The Akufo-Addo-Bawumia government has made history by appointing the first-ever Muslim Supreme Court judge in Ghana’s history in the person of Justice Issifu Omoro Tanko Amadu as part of the three new Supreme Court judges replacing another retiring trio.
MyNewsGh.com’s checks showed that since the founding of Ghana, no Muslim has risen to become a Supreme Court judge.
While some judges who were appointed to the Supreme Court previously bore Muslim names as our readers will note, incontrovertible information available to MyNewsGh.com, however, has revealed they were NOT Muslims.
Justice Issifu Omoro Tanko Amadu together with Justice Clemence J. Honyenuga and renowned lawyer Yoni Kulendi will replace three justices who are on retirement or are due for retirement this year.
The retiring Supreme Court judges are Justices Julius Ansah, Nasiru Sulemana Gbadegbe (not a Muslim) and Anthony Alfred Bennin.
Their appointment is subject to parliamentary approval.
A source who spoke to MyNewsGh.com on strict condition of anonymity said Akufo-Addo considered the competence of the people he appointed as the most key factor and not their religious affiliation.
Reference was made to the fact that the man who is now the first Muslim Supreme Court judge was promoted from the High Court to the Appeals Court by former President John Mahama in October 2012. This fact didn’t matter to the president and the Council of state.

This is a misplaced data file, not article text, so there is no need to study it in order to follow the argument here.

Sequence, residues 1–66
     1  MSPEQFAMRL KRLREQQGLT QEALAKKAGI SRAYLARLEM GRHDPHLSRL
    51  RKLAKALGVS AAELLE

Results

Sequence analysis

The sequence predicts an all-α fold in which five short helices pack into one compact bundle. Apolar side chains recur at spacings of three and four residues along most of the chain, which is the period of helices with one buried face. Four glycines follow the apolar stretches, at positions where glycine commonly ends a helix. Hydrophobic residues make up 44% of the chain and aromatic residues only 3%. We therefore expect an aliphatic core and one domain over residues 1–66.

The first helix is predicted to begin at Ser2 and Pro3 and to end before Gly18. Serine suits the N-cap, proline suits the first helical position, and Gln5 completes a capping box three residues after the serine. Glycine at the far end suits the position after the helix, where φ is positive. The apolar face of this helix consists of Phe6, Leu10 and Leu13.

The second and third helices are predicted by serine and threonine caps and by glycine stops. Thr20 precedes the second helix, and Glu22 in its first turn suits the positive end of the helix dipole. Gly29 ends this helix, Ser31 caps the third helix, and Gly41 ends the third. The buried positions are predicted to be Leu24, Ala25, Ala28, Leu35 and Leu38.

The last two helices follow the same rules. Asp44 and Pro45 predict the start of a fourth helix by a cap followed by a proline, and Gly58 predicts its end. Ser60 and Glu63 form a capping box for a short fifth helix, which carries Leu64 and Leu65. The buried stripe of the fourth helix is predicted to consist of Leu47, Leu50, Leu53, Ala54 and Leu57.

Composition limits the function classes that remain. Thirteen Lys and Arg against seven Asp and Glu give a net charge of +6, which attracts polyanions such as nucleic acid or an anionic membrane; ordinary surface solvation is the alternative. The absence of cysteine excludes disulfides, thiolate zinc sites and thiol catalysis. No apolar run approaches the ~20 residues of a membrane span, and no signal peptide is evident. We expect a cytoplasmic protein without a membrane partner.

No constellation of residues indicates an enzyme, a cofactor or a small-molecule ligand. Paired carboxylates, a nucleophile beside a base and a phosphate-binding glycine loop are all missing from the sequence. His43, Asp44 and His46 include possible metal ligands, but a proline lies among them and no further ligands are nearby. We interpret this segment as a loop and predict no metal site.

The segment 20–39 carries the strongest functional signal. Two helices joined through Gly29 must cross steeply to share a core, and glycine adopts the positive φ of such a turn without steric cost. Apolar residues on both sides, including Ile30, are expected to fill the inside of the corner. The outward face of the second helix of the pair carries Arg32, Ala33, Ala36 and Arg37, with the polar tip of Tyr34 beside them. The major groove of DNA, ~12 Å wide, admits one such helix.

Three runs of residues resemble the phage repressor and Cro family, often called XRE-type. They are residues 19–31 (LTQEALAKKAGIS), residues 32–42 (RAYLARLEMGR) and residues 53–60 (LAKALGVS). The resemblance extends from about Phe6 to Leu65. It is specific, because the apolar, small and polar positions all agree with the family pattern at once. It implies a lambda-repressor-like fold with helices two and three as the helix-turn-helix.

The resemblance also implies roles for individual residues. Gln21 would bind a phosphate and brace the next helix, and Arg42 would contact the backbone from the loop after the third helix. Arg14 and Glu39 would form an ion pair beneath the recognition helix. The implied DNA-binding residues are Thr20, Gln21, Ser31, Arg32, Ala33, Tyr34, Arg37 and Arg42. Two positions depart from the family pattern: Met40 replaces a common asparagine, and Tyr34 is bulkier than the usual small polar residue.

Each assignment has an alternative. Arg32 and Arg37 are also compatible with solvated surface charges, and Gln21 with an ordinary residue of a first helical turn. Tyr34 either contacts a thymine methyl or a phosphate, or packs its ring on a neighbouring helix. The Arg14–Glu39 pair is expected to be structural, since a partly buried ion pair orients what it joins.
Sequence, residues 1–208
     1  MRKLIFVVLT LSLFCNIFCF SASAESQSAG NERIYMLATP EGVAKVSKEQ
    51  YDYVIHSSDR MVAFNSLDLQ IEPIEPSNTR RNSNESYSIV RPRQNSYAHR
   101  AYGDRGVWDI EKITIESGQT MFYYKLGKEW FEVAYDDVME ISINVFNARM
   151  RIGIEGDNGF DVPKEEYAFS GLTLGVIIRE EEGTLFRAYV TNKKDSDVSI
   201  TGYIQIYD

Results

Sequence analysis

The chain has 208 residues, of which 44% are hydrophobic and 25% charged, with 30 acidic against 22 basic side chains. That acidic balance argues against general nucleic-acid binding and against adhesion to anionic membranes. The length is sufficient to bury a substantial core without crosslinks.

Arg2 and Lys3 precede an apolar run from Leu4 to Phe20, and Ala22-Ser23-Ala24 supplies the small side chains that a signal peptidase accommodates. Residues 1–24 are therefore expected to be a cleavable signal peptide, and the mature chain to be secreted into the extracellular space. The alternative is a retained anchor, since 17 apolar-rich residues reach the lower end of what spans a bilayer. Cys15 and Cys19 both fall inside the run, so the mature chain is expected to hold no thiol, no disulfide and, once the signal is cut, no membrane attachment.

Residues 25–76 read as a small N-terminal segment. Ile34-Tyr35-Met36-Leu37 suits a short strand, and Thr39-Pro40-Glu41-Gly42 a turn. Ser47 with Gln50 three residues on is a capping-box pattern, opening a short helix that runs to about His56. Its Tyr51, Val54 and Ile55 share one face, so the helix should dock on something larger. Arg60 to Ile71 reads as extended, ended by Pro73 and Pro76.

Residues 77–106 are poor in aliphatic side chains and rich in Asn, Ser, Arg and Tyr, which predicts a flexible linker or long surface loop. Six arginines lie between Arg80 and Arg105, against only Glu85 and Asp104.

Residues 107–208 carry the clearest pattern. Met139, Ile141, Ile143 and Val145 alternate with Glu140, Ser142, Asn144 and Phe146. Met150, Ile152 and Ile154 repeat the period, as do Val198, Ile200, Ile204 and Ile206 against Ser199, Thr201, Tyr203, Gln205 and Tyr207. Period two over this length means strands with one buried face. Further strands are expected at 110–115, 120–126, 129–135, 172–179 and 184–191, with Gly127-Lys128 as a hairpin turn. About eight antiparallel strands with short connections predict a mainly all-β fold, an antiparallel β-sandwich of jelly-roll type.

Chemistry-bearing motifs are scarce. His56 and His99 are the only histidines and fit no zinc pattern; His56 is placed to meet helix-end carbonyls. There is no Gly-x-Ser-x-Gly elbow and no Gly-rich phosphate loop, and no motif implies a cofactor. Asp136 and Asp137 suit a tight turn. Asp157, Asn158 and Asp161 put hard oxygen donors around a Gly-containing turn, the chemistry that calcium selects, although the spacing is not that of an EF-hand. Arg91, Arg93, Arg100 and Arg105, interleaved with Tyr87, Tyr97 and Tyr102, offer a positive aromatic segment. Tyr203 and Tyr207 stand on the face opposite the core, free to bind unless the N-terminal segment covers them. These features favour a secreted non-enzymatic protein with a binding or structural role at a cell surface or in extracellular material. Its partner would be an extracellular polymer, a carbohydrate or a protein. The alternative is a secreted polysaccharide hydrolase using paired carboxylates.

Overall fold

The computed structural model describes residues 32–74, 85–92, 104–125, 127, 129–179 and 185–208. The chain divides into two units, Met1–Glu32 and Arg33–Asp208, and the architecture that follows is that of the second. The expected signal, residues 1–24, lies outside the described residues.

Justice Tanko Amadu was sworn in along with six other justices to the Court of Appeal at the Castle, Osu at the time along with Justices Mrs Avri Anin-Yeboah, Ms Margaret Welbourne, Ms Barbara F. Ackah-Yensu, Mrs Cecilia Hanzzy Sowah, Mrs Gertrude Torkonoo and Mr Saeed Kwaku Gyan.
They swore the oath of allegiance, the judicial oath and the oath of secrecy administered by then President Mahama.
The then Chief Justice, Mrs. Justice Georgina Theodora Wood, reminded the new justices that Ghanaians expected them to dispose of cases in a speedily and just manner.
Mrs. Justice Theodora Wood said the rules of engagement at the Court of Appeal were different from those at the high court but expressed the hope that they would learn from their seniors.
Speaking on behalf of her colleagues, Mrs Justice Anin-Yeboah thanked the President, the Judicial Council and the Chief Justice for the honor done them.
She affirmed their commitment to administer justice “without fear or favor”.